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Not everything is logical, but before the 1920s, most mathematicians and philosophers believed that it was. When a mathematician began to construct a proof (be it to prove that π is irrational or that arithmetic is modular), the method used to reach the final conclusions was assumed to be done systematically and rationally. But as anyone who has ever tried to solve a too-difficult problem knows, sometimes the best way to reach a solution is just to guess your way there.

But this guessing, coined as “arbitrary assumptions” in 1926 by a professor named Jan Lukasiewicz, presented a big problem for the growing mathematics field of logic. How could a theory be created that would explain arbitrary assumptions within the confines of rational thought? Guessing, history tells us, often leads different minds to the same exact conclusion.

The answer is natural deduction: a proof system with simple rules that mimic the way people actually reason.

Sounds easy, but mathematicians had been trying to figure this out for centuries. And the first two scholars to formally lay out theories of natural deduction, two men named Gerhard Gentzen and Stanisław Jaśkowski, did so in separate papers, through separate approaches, published in the same year: 1934. Gentzen and Jaśkowski did not know each other and did not have overlapping colleagues, yet they arrived at an almost identical solution at the exact same time.

Before Gentzen and Jaśkowski’s papers, the most common way for any mathematical problem to be solved was to use something called the Hilbert system. The easiest way to understand this is just that the Hilbert system is too simple and too impractical to track the way human thought actually runs. Many scholars at the time found Hilbert’s (and other axiom) systems too inadequate and artificial. They wanted to write proofs that made sense to them.

Natural deduction is one of the most elementary ideas in basic philosophy. It is a term written on chalkboards in every undergraduate seminar but never really, fully explained. As Gentzen wrote in his 1934 paper coining natural deduction: “First I wished to construct a formalism that comes as close as possible to actual reasoning. Thus arose a ‘calculus of natural deduction.’”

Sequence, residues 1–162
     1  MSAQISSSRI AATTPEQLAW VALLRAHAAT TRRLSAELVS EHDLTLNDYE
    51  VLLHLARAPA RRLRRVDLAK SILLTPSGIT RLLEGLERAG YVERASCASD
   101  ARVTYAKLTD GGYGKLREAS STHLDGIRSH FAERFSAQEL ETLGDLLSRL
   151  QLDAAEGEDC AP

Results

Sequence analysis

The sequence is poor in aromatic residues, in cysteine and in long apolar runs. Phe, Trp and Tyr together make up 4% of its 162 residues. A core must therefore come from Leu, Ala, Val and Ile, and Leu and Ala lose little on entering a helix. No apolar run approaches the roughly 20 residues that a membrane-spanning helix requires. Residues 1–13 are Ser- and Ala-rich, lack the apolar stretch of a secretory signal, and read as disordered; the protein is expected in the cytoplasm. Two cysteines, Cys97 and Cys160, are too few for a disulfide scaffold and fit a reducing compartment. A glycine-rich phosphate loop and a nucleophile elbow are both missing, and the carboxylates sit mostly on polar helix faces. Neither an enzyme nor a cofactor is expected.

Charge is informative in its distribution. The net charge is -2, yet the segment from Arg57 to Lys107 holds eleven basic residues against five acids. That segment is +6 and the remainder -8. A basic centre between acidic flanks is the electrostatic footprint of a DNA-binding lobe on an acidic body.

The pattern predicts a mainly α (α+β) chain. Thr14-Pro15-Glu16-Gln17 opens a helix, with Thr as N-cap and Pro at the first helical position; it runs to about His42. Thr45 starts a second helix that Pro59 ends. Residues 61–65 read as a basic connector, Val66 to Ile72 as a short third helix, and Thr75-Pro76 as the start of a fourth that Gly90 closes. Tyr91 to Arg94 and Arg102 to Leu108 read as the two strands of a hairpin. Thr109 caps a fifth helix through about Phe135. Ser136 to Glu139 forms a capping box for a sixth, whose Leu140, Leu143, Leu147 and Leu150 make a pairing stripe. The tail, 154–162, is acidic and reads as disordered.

Natural deduction also allowed philosophers and mathematicians to make a complete guess and then see where it went using a formulaic, universal code. This allows entire phrases, formulas, and propositions to be replaced with letter variables and then combined using symbols. Let’s say the letter p stands for “all inventions are the product of the history before them,” and the letter q stands for “telephones are an invention.” The conclusion of those two propositions then is: Telephones are the product of the history before them. The theory of natural deduction is what allows mathematicians and philosophers to build a proof that allows us to infer new sentences logically followed from existing ones.

Natural deduction, then, is the proof of how we think, and in its invention, these two philosophers proved that our brains do work in a logical, traceable pattern. When both absorbed the same information about their industry, they processed it through a series of logical steps to arrive at nearly identical proof processes.

Gentzen was the first to use the actual term “natural deduction” to describe this method developed by both of them, but Jaśkowski’s visual layout became the one used in most elementary logic textbooks in the 1940s and ’50s. In Jaśkowski’s method, proofs were set inside boxes to denote subpoints and laid out in a graphical manner. Later, he would extend this to an easily typed numerical bullet point system. In Gentzen’s method, the proofs are set up in a tree that looks like a very complex fractional problem.

How exactly all of this works out on paper involves a lot of Greek letters and equals signs, and although I had three different mathematicians explain it to me, it’s pretty irrelevant to why this discovery matters. Natural deduction is the mathematical component to how our brains work; it is the scientific effort to make sense of how we come to conclusions and what assumptions we make to get there.

“The story continues with these discoveries going from ‘underground,’ being known only to the logical sophisticates, and being passed from one enlightened initiate to another […to] the early 1950s when the method became a part of some elementary textbooks,” logic professor Francis Jeffry Pelletier wrote in his article “A History of Natural Deduction and Elementary Logic Textbooks.” This populism of natural deduction spread the theorem more quickly than either creator could have imagined. Today, natural deduction using the logical proofs laid out by Gentzen and Jaśkowski’s papers is the primary way most philosophers do their work.

It’s fitting that, like so many other discoveries, the discovery of natural deduction would happen simultaneously. It is at its most basic, a system of relevant formulas and rules to explain how our brains work. Two men, working in separate places with no overlapping interests, came to it at the same time because it was, well, the most logical next step. Like so many inventors before and after them, their moment of revelation was sparked not by a moment of genius but by the exact proposition they laid out: that human brains work in systematic understandable ways based off the information they have gathered before them.